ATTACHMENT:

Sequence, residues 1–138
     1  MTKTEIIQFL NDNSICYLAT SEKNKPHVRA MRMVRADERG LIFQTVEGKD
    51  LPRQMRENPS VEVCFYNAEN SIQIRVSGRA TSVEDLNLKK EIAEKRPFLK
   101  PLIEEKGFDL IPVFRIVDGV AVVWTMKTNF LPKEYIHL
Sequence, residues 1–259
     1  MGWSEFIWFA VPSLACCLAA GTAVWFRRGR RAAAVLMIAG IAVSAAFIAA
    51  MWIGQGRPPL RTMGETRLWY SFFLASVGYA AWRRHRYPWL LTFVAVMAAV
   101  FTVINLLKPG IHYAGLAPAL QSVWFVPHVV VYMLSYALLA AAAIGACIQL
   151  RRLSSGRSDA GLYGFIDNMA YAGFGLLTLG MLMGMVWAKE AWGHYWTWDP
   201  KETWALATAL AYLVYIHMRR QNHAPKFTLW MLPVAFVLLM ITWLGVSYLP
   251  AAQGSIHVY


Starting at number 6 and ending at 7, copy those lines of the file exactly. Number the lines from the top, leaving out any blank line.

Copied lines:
     1  MGWSEFIWFA VPSLACCLAA GTAVWFRRGR RAAAVLMIAG IAVSAAFIAA
    51  MWIGQGRPPL RTMGETRLWY SFFLASVGYA AWRRHRYPWL LTFVAVMAAV